The International Monetary Fund (IMF) is forecasting that the Greek economy will contract by 10 percent this year as a result of the coronavirus (Covid-19) outbreak that has devastated the world.
According to the IMF’s World Economic Outlook report released on Tuesday, Greece is seen as falling into recession this year with the coronavirus pandemic taking a 10 percent bite out of GDP against a pre-Covid-19 forecast of 2.2 percent set to rise to 2.8 percent in 2021.
At the same time, the IMF – one of Greece’s lenders during the economic crisis years – is also warning of a 5-point increase in unemployment to 22.3 percent just 20 months after Greece exited a nearly eight-year-long aid program. A slight reduction to 19 percent is expected in 2021 but not managing to reach 2019 levels.
The IMF’s report is forecasting 5.1 percent growth for Greece in 2021, with the current account deficit reaching 6.5 percent of GDP this year and dropping to 3.4 percent in 2021. Inflation is set to rise by 1 percent on average in 2021.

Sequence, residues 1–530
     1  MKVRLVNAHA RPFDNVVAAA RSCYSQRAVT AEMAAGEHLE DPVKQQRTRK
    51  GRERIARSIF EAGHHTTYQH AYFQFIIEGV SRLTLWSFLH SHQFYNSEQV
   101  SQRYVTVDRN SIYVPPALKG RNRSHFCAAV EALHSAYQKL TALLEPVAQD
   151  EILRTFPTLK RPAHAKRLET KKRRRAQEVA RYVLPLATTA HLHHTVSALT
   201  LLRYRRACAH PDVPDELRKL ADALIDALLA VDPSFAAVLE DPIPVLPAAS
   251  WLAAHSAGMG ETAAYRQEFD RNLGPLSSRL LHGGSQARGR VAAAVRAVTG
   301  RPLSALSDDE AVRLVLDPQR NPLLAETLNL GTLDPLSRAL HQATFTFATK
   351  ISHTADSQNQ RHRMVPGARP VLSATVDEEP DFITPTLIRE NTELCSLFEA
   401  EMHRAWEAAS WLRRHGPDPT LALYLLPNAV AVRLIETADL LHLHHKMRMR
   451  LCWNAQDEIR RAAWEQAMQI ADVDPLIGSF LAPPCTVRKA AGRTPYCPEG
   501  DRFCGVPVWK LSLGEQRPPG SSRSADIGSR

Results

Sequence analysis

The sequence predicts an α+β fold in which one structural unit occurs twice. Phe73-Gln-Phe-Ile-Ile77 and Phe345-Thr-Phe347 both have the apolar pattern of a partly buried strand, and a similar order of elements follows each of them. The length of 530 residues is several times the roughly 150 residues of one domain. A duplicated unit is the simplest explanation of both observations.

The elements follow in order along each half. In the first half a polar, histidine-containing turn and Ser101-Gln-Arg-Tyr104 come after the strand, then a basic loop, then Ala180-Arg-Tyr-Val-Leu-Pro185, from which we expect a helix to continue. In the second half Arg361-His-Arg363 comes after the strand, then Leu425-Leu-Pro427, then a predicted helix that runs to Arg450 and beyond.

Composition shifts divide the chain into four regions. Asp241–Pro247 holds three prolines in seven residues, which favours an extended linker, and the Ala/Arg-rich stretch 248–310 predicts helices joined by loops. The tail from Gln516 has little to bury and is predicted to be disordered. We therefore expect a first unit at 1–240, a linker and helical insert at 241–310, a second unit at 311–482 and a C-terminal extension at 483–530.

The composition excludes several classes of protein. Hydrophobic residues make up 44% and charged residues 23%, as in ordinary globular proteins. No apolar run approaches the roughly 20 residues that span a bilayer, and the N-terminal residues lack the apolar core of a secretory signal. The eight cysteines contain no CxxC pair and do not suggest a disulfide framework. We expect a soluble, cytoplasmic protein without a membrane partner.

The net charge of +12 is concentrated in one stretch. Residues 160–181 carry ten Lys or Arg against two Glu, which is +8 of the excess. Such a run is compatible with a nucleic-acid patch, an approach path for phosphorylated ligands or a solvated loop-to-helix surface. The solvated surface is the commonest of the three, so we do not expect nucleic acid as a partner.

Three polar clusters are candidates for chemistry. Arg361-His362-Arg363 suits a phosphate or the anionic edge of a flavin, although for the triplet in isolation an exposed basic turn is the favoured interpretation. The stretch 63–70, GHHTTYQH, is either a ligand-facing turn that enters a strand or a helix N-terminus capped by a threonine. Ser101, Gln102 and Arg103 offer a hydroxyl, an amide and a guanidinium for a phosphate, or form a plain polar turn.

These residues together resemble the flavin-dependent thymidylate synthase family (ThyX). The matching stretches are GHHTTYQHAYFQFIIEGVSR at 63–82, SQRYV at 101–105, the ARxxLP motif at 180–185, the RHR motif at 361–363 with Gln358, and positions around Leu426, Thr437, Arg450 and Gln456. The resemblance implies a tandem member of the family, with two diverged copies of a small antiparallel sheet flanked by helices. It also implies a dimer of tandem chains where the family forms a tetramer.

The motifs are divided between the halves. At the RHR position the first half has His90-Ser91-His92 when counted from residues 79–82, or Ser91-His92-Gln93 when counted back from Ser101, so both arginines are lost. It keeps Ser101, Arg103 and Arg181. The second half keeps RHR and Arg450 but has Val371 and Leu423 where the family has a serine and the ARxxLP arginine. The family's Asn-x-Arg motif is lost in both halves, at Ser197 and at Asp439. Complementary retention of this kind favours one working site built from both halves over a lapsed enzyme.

IMF estimates come on the back of similar projections by international ratings agencies. Earlier this week, analyst Jakob Suwalski of the Scope credit rating agency predicted a drop from 7 percent to 18 percent in GDP this year in the aftermath of Covid-19, noting that Greece faces the most serious disruption of all eurozone economies.
Additionally, an ING study also found that Greece will be the most vulnerable economy in the eurozone due to the coronavirus outbreak primarily because it is very dependent on the tourism and travel sector.
It should be noted that the coronavirus outbreak hit Greece shortly before the start of its peak tourism season and its effect is expected to continue through to September in the best case scenario. IMF Chief Economist Gita Gopinath said there was still considerable uncertainty with regard to the Covid-19 pandemic, which is currently expected to weaken towards the end of 2020.
Meanwhile, despite the devastating loss of human life in neighboring Italy and Spain, the IMF projects recession there at 9 percent and 8 percent, respectively, but with slower recovery rates in 2021 set at 4.3 and 4.8 percent.